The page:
If your litter is from pet shop lines or anywhere other than well-tracked lines from truly well-educated breeders, it is advisable to separate all of the bucks into their own enclosure at 4 weeks of age. Most bucks will fight anytime beginning shortly after weaning. This is a natural behavior. Bucks in the wild don't interact peacefully with other bucks. If a buck crosses over into his territory they will fight to the death. In captivity, this is true as well. Once their natural hormones kick in they will fight, even with their male siblings. Fighting usually occurs without any notice whatsoever! One day they will be cuddled together sleeping peacefully and the next day one or both will be DEAD or seriously maimed. Please don't take light of this! Time and time again there are cases where people ignorantly leave bucks together because "they are acting fine," they think "it would be cruel to separate them because they get along so well," and "some 'other' sites say bucks can live together" when in reality this is incredibly wrong and completely ignorant of the facts. Sadly there are many ill-informed, though well intended, sites out there. Pet shop lines (and many from great breeders as well!) will kill each other if left together simply because of natural instinct. Leaving them together until they "show signs of fighting" will often result in death as they usually don't show any signs at all. It does, in fact, happen that fast. Additionally, this stands for mice *all over the globe* not just in one region. With that said, some breeders around the world have been able to breed some of the instinct out of them, allowing the bucks to live together. This is more common, though not limited to, countries that have had domesticated mice longer (such as Europe) as they have had more time to breed the instinct out. Unless your mice come from a *good* breeder that *truly* is educated and they have been breeding a line for a substantial amount of time, don't trust that the bucks will live well together. Also, just because there are some (few) breeders out there that have been able to house bucks together it doesn't mean you will. Even lines that have some success being housed together will sometimes have problems, not to mention that bucks that have been breed often can't be housed back in a community. Risking it is NOT worth their lives!! Additionally, a novice should never attempt to allow bucks to live together, no matter the line. Leaving bucks together (with the slim exceptions stated previously) is an unnecessary risk. It is inhumanely playing with their lives. Bucks will have a happy life solo. They will also be better companions to you, as you will then be their only friend. Please don't take that out of context, apply it to all genders, and leave a female alone though. It is cruel to leave a female alone unless there is extenuating circumstance, which is very rare. If you want a single mouse, get a buck. If you want a colony, get does. If you don't have room to house bucks separately, don't breed and don't acquire more than you can handle. There's no good reason to risk their lives by housing them in settings that is not safe or in their best interest.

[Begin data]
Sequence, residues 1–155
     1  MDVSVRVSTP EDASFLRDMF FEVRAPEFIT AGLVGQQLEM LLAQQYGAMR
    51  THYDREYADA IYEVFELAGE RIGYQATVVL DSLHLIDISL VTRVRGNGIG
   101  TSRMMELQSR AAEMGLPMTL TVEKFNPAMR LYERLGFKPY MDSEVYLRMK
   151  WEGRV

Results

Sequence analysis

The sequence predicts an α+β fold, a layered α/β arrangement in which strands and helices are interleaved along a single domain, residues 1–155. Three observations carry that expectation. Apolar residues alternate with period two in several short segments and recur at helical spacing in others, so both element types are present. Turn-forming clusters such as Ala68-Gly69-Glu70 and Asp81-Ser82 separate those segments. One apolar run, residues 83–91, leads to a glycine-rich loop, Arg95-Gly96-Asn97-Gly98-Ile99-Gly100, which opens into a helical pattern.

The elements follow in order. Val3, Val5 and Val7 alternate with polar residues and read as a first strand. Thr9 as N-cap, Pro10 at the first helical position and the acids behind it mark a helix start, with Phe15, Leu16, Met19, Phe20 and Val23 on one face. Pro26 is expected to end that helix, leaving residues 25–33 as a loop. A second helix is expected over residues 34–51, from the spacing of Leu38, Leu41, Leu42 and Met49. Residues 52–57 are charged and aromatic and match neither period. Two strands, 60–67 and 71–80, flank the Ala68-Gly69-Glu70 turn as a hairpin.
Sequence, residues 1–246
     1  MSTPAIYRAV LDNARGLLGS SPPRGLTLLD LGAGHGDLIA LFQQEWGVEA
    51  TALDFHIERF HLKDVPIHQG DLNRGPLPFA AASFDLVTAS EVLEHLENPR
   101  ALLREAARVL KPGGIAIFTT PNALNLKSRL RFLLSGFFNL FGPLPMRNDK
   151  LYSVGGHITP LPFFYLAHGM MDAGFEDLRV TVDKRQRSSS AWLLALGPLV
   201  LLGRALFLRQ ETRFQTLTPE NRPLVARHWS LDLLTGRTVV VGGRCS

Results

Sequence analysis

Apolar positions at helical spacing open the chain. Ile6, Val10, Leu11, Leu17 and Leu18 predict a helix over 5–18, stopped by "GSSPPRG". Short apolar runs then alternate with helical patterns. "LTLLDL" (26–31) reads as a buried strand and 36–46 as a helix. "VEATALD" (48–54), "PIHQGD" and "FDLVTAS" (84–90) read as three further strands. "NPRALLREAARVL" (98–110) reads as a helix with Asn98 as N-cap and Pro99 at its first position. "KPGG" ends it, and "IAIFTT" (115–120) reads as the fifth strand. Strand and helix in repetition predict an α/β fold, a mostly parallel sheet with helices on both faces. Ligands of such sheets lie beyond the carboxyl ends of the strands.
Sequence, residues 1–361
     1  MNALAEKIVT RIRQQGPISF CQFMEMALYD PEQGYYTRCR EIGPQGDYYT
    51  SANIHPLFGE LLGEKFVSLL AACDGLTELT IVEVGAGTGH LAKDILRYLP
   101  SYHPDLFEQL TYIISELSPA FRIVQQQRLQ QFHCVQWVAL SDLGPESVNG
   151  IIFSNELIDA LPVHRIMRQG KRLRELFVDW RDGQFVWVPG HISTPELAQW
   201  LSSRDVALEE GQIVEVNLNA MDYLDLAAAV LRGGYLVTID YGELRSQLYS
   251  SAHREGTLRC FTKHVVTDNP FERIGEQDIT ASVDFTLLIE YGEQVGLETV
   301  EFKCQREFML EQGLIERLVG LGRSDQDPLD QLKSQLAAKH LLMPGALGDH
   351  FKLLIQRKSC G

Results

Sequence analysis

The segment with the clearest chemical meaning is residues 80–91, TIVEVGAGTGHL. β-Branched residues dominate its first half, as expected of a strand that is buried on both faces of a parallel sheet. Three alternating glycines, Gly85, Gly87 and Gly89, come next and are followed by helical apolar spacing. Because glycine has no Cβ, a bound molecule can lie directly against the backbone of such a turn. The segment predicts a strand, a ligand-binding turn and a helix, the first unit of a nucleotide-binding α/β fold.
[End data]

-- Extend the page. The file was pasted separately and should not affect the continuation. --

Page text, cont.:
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AppleCheeks